Since the Dutch invasion in the mid-1600s, followed by colonial invasions from other countries, the Siraya (one of the ping pu aboriginal groups) have suffered "in life and in death." Now, nearly 350 years later, it appears that the Siraya have disappeared from the plains of Tainan County in Taiwan. Due to the political agenda of the National KMT, the Siraya are not mentioned in history textbooks, or listed in the official documents as an indigenous group. In fact, scholars have too often mistakenly proclaimed the totalassimilation of the Siraya into Han Chinese culture. As a result, younger Taiwanese do not know of them, nor do they live in the memories of most older citizens. It is as if the Siraya have just vanished.
Yet, the Siraya have never ceased to exist. They still live, breathe and work the land of southern Taiwan. They refuse to give up their own distinctive culture and accept that of the Han Chinese. Instead, they insist on performing traditional rituals, such as worshipping their goddess, A-li-mu, even though they may be stigmatized as 'fan-a', or even mocked as "savage."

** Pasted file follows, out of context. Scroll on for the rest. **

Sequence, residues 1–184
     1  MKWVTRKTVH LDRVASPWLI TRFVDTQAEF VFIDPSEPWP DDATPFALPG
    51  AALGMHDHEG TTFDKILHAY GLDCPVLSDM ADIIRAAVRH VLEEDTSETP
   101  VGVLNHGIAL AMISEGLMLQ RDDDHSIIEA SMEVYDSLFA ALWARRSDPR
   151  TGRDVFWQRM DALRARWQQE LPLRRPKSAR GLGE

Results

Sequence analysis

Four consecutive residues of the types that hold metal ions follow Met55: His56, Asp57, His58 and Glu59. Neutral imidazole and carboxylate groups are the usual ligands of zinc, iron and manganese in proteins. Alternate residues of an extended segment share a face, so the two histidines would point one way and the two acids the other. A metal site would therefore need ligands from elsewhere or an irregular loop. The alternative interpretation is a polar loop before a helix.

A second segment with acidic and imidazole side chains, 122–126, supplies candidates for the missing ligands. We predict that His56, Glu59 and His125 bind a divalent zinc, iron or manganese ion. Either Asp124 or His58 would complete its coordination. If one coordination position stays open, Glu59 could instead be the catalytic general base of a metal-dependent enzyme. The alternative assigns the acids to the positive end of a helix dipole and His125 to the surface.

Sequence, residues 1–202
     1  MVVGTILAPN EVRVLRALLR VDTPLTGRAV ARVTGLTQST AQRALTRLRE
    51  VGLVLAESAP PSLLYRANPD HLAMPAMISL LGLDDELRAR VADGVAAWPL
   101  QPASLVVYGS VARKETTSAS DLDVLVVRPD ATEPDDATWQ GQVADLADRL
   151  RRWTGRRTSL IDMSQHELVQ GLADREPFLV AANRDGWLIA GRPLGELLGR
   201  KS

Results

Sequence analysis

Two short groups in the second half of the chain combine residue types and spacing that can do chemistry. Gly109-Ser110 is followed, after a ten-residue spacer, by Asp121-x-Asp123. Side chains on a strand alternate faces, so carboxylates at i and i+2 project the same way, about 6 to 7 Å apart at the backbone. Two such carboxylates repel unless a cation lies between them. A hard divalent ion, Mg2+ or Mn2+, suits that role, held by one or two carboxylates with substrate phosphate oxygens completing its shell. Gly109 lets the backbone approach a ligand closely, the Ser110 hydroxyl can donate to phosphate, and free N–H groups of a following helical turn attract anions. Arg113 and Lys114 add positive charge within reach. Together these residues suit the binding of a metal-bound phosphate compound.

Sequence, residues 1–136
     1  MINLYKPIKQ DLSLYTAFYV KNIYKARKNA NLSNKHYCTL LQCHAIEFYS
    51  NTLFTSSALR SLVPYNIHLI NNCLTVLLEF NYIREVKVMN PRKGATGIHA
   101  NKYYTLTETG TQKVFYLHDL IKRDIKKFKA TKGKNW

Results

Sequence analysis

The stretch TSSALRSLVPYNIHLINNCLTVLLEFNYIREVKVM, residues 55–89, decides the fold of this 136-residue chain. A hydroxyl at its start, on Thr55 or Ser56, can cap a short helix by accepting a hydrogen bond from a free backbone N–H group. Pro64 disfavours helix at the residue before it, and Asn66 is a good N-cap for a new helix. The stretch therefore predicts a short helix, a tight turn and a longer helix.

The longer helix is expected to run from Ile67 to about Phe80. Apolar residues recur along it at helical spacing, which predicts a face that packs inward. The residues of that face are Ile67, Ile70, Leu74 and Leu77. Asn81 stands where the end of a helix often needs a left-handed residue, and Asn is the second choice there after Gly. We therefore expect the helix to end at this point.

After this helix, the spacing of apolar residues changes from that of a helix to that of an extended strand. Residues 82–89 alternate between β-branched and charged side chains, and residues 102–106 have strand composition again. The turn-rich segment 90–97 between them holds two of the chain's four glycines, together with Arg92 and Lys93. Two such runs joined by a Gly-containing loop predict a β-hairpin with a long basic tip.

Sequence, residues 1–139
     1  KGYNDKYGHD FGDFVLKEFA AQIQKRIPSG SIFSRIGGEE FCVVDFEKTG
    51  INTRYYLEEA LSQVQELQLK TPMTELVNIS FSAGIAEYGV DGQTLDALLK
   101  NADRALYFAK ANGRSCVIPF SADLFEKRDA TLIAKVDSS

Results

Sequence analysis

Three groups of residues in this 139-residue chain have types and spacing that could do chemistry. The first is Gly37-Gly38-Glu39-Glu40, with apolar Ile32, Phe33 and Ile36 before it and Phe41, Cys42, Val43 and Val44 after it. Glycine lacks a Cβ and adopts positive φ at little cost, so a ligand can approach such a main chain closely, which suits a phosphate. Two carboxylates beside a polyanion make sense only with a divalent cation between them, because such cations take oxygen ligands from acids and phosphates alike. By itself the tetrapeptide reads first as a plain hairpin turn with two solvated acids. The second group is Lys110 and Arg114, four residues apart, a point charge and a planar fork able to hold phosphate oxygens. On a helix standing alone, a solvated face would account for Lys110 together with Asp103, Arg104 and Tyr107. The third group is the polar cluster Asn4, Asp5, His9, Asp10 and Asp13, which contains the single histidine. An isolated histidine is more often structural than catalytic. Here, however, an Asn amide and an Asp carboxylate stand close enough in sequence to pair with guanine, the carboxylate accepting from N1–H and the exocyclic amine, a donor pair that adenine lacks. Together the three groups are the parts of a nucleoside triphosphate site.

Ka-Bak-Sua is the ancient name of Tung-She village in Tung-Shan Hsiang, Tainan County. Ll Ren-Ji is the official Siraya ang-1(shaman), "Medium of A=li-mu." She is 85-years-old and still serves a vitally important mission in life. A-li-mu selected her to become shaman. The Siraya believe that only shamans can communicate with the spirits of their ancestors. Ll Ren-Ji, a seemingly ordinary grandmother, is a powerful ang-1 who relieves her people's misfortunes and suffering. She carries the responsibilities of a thousand years of Siraya tradition. Her unique spiritual role enriches her life, and preserves the culture of the Siraya.
Source: Taiwan International Documentary Festival
2000 Taiwna International Documentary Festival - Taiwan Focus: Landscape of Life
2000 Taiwna International Documentary Festival